We focus our interest on the behaviour of the ‘tail’ of the displacement distributions, which govern the long/mid-term diffusive properties of movement. With that aim, we performed sequential point-wise model comparisons (SPWMC) based on Akaike's Information Criterion (AIC). The comparison is established by computing the Akaike weights (wAIC) and the relative likelihood of each model compared with the likelihood of the best-fit model (AICmin). The wAIC-based SPWMC analysis (Bartumeus et al., 2010) facilitates a comparison of the fits of different probabilistic models on different regimes of a given empirical distribution, and provides more statistical power than other methods suggested in the literature in particular when dealing with small datasets. In this paper, our goal, rather than look for ‘the very best’ fit for the tail of the wAIC-based SPWMC analysis, is to determine how near, or far away, are the ‘tails’ of the displacement distributions from two limiting-case models: the exponential and the truncated power-law model (see Appendix for mathematical expressions for models). On the one hand, exponential displacement distributions involve normal diffusion at a macroscopic level whereas on the other hand truncated power-law displacement distributions hold superdiffusive properties over a wide range of scales, given that the convergence to normal diffusion is ultra slow. We performed indirect (i.e. goodness-of-fit) and direct (i.e. likelihood ratio) ‘tail’ tests (i.e. for the 70% percentile) comparing the exponential and the truncated power-law models in each empirical distribution (see Appendix). The goodness-of-fit tests are based on the Kolmogorov–Smirnov (KS) statistic and are obtained from 2500 Monte Carlo (MC) replicates (Clauset et al., 2009) (see Appendix). The P-values associated with these goodness-of-fit tests indicate how likely it is that the data comes from a given model and tell us whether the chosen models are (statistically) good representations of the data (P-value>0.1) or not (P-value<0.1). The likelihood ratio tests and the associated P-values are computed as in Clauset et al. (Clauset et al., 2009). Importantly, both the goodness-of-fit tests and the likelihood ratio tests illustrate how close the empirical ‘tails’ are to the two limiting-cases rather than assuming that one model or the other is ‘the very best’ fit. Finally, we allow for visual validation of the compared models by plotting the two model fits (i.e. exponential and truncated power law) with the corresponding cumulative distribution functions. These plots are meant only to show the qualitative behaviour of the distributions and the fits, i.e. they are not used to estimate the parameters of the distributions. Instead, we obtain maximum likelihood estimates of the probabilistic models used by numerically maximising the appropriate log-likelihood functions, and we compute 95% confidence intervals (CI) using the likelihood ratio test (Edwards et al., 2007; Clauset et al., 2009; Bolker, 2008). All the statistical computations are performed using R, version 2.2.0 (http://www.r-project.org) and the ‘bbmle’ R-package made available by B. Bolker (http://www.zoology.ufl.edu/bolker/) (see also Bolker, 2008).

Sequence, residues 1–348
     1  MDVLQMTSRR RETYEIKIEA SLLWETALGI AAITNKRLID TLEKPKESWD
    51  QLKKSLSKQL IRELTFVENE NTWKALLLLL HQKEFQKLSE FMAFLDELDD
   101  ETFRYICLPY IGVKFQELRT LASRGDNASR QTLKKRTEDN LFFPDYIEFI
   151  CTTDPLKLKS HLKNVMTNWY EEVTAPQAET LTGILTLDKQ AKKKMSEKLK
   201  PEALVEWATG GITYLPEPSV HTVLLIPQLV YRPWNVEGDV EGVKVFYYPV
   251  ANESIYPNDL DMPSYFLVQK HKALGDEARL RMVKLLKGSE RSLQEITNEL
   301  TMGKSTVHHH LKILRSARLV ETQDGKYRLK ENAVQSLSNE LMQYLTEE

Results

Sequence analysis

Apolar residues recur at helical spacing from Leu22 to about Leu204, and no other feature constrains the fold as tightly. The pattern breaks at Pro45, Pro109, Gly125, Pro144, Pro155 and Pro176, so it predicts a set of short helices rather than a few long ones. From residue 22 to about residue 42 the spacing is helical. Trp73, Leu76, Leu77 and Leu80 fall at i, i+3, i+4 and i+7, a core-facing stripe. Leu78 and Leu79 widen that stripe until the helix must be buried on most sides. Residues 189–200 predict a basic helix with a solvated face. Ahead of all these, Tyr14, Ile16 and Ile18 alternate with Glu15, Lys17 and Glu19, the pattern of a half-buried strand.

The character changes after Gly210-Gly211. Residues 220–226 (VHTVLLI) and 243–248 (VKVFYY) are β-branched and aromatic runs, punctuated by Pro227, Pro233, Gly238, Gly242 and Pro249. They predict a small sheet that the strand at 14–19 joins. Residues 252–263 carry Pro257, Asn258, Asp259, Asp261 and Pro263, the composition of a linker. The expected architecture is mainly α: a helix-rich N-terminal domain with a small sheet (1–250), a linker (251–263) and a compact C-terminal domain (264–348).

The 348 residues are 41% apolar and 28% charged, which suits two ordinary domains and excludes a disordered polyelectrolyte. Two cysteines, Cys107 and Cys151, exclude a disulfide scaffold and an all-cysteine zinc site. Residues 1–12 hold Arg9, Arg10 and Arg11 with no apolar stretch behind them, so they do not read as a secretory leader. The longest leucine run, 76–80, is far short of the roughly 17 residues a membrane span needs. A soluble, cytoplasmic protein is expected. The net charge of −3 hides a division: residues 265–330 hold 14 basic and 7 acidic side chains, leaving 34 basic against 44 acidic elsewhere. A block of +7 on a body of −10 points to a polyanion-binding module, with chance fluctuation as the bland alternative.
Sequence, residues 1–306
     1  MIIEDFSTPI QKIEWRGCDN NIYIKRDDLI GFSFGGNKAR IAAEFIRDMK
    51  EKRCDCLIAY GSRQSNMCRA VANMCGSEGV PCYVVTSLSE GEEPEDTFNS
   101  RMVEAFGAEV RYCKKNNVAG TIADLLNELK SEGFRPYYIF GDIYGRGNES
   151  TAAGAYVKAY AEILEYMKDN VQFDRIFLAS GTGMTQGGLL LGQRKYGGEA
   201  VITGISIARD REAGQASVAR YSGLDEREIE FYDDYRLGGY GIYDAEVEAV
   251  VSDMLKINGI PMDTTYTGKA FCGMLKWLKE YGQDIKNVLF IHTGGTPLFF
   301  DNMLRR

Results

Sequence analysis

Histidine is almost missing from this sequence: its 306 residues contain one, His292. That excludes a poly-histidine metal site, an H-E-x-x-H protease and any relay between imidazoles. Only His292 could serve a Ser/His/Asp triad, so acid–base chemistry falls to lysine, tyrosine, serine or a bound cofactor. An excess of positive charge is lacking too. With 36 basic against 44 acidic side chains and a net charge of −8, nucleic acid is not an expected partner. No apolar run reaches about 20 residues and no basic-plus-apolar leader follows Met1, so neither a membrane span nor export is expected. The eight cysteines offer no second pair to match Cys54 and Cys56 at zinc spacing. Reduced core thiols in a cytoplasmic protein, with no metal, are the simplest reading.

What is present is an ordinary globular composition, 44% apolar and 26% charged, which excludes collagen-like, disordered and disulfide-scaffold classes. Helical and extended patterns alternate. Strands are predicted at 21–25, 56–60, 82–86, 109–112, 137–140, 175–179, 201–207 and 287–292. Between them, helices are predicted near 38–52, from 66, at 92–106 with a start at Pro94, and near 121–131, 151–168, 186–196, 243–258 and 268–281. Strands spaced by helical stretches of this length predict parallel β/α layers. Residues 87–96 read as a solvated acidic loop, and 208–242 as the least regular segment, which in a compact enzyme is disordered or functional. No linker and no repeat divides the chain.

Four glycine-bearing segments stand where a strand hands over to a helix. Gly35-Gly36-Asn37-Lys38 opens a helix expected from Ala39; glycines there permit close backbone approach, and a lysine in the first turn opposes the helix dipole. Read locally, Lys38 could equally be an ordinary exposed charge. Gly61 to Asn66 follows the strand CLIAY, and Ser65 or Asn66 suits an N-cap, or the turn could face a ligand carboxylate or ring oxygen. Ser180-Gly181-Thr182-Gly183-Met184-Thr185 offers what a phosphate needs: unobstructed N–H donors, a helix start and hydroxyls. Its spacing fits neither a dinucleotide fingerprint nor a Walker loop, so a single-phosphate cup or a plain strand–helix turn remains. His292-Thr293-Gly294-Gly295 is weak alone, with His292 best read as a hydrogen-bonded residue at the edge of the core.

Spatial simulations of follower searches were carried out in NetLogo (http://ccl.northwestern.edu/netlogo/).